August flash purchasing managers’ indexes (PMIs), released last Friday, showed the developed world largely continued recovering from its lockdown-driven recession. Yet many pundits focused on perceived pockets of slower growth. True, PMIs didn’t improve everywhere, but in our view, that shouldn’t matter much for forward-looking global stocks.
IHS Markit’s flash PMI surveys—preliminary releases based on around 85% – 90% of expected responses—are an early glimpse at each month’s economic activity. PMIs essentially ask firms whether different kinds of business activity—e.g., output, new orders, backlogs and employment—improved or deteriorated during the month. A reading of 50 indicates no change. Above that implies expansion, although PMIs don’t say anything about the amount of change—how much activity rose or fell. They speak only to its breadth—how many firms saw activity grow or shrink in the month.
Except for export-dependent Japan, August PMIs show major developed economies continued expanding. Composite PMIs, which combine services and manufacturing, signaled a second straight month of growth in the US, UK and eurozone. (Exhibit 1)
Exhibit 1: Major Economy PMIs
Source: IHS Markit and FactSet, as of 8/21/2020.
Sharp-eyed readers may note UK and German composite PMIs exceed each of their services and manufacturing PMIs. This is because IHS Markit uses only the output subindexes to calculate the composite—a more limited look than headline services and manufacturing PMIs, which incorporate output, new orders, employment and others.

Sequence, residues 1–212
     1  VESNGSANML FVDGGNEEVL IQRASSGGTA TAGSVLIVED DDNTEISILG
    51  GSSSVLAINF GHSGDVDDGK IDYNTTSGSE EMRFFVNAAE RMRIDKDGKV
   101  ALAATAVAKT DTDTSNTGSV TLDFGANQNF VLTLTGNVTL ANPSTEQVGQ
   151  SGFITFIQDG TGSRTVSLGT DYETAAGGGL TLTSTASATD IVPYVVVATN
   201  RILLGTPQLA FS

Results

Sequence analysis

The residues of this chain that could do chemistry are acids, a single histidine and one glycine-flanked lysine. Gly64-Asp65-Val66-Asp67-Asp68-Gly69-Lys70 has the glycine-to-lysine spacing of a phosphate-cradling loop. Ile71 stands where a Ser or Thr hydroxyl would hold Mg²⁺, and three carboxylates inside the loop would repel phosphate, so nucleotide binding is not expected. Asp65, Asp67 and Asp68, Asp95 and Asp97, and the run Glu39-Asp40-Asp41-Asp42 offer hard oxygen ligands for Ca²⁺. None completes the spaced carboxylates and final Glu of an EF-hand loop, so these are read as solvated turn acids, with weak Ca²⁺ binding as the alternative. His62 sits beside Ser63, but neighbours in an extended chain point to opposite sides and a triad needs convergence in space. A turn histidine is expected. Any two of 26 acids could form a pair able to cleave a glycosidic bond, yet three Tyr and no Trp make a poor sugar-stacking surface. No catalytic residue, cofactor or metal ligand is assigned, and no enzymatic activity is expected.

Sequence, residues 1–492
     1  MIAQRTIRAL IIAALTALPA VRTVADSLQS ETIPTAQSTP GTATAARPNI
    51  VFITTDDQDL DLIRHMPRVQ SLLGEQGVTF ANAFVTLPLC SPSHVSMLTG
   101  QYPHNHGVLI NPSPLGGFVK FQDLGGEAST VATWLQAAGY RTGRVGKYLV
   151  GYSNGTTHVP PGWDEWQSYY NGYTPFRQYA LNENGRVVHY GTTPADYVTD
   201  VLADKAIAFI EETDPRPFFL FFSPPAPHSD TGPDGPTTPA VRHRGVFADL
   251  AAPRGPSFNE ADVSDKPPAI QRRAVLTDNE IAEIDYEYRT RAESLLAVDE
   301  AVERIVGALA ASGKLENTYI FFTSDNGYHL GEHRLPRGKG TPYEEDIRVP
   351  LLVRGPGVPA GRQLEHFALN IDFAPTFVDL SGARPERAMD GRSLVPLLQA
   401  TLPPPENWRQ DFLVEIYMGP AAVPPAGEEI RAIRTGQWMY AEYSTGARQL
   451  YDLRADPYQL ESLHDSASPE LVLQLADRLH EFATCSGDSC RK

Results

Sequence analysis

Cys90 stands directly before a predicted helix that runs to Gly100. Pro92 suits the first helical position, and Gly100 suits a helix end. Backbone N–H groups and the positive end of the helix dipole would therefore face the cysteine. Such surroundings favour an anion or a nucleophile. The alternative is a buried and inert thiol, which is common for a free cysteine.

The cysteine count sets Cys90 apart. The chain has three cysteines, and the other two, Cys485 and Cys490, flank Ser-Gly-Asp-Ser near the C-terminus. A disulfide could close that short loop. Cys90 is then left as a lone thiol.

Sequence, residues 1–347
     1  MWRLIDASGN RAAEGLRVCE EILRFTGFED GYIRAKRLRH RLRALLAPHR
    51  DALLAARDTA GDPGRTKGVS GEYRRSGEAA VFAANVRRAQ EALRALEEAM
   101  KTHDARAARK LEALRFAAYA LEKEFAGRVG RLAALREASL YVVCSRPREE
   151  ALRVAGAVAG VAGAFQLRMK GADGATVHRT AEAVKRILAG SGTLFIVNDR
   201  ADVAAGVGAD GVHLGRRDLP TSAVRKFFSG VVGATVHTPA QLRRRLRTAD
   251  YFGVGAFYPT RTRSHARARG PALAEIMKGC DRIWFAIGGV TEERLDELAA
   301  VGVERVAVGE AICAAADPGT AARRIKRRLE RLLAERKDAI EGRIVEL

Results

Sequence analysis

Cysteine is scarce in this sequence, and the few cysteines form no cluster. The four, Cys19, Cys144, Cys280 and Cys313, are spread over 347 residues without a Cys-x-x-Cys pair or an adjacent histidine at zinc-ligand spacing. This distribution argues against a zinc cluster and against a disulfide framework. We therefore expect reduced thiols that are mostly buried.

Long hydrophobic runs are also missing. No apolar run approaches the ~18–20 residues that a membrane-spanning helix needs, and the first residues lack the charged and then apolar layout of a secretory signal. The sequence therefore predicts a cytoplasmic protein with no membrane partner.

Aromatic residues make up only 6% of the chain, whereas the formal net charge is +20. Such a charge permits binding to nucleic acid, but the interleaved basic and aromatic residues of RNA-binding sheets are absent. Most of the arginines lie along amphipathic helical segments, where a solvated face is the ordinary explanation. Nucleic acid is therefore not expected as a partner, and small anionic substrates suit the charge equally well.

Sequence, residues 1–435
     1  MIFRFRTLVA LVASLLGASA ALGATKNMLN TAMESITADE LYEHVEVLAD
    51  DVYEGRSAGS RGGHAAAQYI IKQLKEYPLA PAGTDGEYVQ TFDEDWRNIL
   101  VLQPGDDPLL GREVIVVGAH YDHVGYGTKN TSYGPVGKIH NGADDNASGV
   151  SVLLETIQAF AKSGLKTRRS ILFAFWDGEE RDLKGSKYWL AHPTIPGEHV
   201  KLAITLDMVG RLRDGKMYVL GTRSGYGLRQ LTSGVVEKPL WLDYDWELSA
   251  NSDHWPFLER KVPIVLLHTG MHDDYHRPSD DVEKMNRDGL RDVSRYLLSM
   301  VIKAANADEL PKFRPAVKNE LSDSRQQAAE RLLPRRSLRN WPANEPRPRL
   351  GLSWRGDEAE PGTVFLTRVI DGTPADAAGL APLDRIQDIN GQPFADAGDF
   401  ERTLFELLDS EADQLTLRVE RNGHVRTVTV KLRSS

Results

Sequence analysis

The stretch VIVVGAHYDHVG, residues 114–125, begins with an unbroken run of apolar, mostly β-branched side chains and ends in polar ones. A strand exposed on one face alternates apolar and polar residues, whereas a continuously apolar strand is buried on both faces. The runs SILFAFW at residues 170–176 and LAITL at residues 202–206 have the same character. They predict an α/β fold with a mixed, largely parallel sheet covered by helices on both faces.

With that quirk in mind, US and UK services PMIs surged this month. This is great news for their economies. Services makes up about 70% of the US economy and 80% for the UK.[i] An increasing majority of services-sector firms reporting growth is good evidence recovery is taking hold. This is especially noteworthy for the UK, considering August is the first full month with the vast majority of personal services back in action post-lockdown. It also indicates new restrictions in the north of England didn’t present massive headwinds. Meanwhile, both countries’ manufacturing PMIs also showed more widespread growth.
In contrast, while all eurozone PMIs except for French manufacturing remained above 50, all but German manufacturing ticked down. These low-50s readings still indicate ongoing expansion, just not as broadly as in July. We won’t argue this indicates everything is rosy, but we also wouldn’t be discouraged—no recovery occurs in a straight line. Plus, in this case, a slower-but-still-expansionary reading could mean most businesses held steady after an initial burst of pent-up demand, which is hardly bad news. Also encouraging? Despite limits on cross-border demand, IHS Markit’s press release noted total new orders increased—good news, as today’s orders are tomorrow’s production, making new orders a PMI’s primary forward-looking component.